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Why you should not pay a ransom

The number one threat to UK businesses remains ransomware and in 2022 we are seeing an increase of ransom payments to criminals. Phil Ashley explains why companies should NOT pay the ransom if they are a victim of a ransomware attack.

Ransomware victims believe they are faced with an agonising but simple dilemma: either pay the ransom or lose valuable data. And in 2022 more companies are favouring to pay the ransom, either due to lack of adequate data backups, or because they believe it is a cheaper and safer route to resolution. However, the reality is more complex.

Do not pay a ransom

First things first: do not pay a ransom. Paying a ransom does not guarantee you access to your data. You are putting blind faith into the same criminals that stole your data that they will honour the transaction and not tamper with or delete it regardless.

Paying a ransom also sends a message to criminals that you are willing to pay, and they could sell on this information to others.

It is tempting to pay a ransom to quickly restore services, but it is important to remember that the UK government does not recommend this approach. The National Cyber Security Centre (NCSC) and ICO recommendation is to refrain from paying a ransom in the event of a cyber-attack.

Furthermore, the Information Commissioner's Office (ICO) has clarified that ransom payments will not be considered as risk-mitigation for harm to individuals whose data may be involved in a cyber-attack or data breach, and so paying a ransom will not reduce any penalties incurred.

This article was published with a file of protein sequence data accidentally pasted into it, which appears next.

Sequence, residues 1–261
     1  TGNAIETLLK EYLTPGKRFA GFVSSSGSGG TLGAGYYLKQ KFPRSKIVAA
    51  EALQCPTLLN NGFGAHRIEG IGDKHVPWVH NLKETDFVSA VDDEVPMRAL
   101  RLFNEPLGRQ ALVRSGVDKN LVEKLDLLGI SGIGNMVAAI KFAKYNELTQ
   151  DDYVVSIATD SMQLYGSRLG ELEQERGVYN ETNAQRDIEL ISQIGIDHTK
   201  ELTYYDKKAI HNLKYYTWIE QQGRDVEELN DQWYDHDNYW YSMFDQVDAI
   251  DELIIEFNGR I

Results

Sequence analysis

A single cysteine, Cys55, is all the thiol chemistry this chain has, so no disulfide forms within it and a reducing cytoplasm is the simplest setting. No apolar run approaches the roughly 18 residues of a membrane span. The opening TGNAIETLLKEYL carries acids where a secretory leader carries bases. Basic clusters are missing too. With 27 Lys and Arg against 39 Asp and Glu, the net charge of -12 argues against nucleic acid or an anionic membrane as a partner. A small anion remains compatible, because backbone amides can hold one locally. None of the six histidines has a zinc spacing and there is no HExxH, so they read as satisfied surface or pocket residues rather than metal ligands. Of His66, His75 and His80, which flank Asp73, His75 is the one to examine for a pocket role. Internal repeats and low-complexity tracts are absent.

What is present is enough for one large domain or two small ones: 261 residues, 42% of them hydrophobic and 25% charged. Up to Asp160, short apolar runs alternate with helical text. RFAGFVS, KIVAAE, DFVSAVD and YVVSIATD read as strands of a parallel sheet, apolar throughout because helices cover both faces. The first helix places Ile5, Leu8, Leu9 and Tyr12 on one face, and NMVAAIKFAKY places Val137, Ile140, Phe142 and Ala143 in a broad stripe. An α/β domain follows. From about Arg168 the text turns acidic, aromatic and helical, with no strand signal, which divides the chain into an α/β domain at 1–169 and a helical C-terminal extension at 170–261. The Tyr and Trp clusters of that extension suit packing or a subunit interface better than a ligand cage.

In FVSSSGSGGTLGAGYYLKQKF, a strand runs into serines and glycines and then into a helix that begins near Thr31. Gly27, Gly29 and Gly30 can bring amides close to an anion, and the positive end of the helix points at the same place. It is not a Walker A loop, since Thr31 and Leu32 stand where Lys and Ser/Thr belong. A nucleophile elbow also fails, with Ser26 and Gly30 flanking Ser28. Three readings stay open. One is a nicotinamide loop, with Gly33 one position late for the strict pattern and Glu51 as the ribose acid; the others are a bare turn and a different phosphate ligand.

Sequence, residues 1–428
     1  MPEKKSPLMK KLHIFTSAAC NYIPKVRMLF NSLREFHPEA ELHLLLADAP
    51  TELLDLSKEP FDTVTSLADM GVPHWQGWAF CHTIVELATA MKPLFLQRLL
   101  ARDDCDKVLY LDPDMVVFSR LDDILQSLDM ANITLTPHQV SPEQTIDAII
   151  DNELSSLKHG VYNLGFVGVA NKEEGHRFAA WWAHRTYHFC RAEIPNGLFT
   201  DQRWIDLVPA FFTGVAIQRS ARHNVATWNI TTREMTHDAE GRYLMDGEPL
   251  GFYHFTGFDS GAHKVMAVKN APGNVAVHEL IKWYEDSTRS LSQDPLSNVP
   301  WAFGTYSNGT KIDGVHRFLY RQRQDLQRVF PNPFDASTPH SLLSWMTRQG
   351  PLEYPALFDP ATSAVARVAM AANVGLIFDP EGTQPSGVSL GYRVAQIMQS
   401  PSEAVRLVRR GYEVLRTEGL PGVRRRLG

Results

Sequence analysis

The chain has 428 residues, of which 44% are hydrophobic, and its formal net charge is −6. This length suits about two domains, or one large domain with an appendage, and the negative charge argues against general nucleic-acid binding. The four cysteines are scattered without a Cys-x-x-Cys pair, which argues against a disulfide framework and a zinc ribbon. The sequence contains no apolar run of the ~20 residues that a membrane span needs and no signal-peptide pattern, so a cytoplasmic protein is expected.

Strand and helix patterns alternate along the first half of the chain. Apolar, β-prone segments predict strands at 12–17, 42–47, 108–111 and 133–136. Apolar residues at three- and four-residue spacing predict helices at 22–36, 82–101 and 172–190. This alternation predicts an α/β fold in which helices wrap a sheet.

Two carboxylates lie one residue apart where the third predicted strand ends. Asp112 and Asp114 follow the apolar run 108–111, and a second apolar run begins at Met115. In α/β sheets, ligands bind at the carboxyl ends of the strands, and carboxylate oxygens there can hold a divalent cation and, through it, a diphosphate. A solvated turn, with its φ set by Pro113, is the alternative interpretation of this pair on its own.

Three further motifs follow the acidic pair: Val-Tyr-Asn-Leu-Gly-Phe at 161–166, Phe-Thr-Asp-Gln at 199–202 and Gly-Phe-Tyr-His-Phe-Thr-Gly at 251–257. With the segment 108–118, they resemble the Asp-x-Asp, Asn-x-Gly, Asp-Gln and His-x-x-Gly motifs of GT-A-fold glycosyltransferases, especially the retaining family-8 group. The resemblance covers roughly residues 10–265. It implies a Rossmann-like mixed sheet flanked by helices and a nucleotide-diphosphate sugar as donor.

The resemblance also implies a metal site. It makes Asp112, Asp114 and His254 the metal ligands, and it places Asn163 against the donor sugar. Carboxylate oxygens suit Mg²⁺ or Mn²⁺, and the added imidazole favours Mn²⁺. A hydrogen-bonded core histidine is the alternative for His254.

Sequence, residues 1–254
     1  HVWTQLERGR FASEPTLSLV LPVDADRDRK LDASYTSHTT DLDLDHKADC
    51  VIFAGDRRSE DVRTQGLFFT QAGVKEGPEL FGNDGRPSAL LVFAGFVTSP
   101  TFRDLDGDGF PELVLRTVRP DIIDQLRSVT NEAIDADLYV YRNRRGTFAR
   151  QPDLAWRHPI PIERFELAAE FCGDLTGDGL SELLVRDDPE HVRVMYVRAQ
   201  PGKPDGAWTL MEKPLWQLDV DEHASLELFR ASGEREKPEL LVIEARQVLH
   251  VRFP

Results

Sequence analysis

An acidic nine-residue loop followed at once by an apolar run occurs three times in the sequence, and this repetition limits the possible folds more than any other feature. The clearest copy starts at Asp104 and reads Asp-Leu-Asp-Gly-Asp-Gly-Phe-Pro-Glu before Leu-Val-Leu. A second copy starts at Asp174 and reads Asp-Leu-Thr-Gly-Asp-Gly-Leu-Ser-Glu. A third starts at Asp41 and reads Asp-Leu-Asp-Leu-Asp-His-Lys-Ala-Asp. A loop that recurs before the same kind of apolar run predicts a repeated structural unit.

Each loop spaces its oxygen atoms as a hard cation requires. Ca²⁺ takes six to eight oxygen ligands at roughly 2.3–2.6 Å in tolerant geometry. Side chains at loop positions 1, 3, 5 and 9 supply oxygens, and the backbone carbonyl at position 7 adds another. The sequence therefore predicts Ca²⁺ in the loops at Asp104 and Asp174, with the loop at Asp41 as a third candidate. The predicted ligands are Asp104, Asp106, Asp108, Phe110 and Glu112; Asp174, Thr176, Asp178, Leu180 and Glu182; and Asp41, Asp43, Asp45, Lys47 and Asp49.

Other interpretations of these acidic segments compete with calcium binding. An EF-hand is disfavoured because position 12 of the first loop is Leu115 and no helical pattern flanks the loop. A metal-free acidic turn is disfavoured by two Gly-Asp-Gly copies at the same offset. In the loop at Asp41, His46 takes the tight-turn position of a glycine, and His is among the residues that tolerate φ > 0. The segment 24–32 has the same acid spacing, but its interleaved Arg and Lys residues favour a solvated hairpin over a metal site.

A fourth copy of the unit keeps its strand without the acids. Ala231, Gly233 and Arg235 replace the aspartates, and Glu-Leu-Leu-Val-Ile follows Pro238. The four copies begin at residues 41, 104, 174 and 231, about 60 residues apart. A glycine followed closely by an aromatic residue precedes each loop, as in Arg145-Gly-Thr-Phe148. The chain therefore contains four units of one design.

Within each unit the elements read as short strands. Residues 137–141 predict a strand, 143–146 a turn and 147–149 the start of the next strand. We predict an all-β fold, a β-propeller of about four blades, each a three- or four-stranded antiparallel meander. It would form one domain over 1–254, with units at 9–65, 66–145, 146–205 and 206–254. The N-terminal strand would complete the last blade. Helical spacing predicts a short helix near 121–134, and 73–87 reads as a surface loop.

Indeed, the ICO considers risk mitigation to be where businesses demonstrate they fully understand and have learned from an attack, have raised an incident with the National Cyber Security Centre (NCSC) where appropriate, or can demonstrate compliance with NSCS guidance.

For companies that are subject to a fine as a result of a security breach, the ICO also recognises that penalties should be reduced if businesses engage with a cyber incident response company with a Security Operations Centre (SOC) to help contain the impact of the incident and prevent future occurrence.

Being prepared is the best defence

If you have reached the stage of deciding whether to pay a ransom it is too late to plan ahead. Ransomware attacks start long before you notice their impact and once they are in your system they often lie dormant for a specific period or until a particular date. The only way to try and mitigate this is to prepare and protect your systems in advance, and plan how you will respond to an attack.

An easy, cost-effective way to prepare and protect your business from cyber-attacks is to employ a cybersecurity service team to review your technology and highlight areas of weakness and constantly monitor your environment and alert you to vulnerabilities in your estate. Managed services like this will help your organisation understand how to protect your data, and implement strategies that enable rapid recovery with minimal data loss in the case of a security incident.

Crossword’s Nightingale managed services and SOC can help with this. Nightingale constantly monitors activity on your network, infrastructure and cloud platforms to look for signs of attack. In the event of an attack Nightingale will help you respond, minimise potential data loss, retain critical data for use by authorities and get you back working as soon as possible.

Remember, do not pay a ransom. And prevention through preparation is the best defence.

Find out more about our Nightingale services here.


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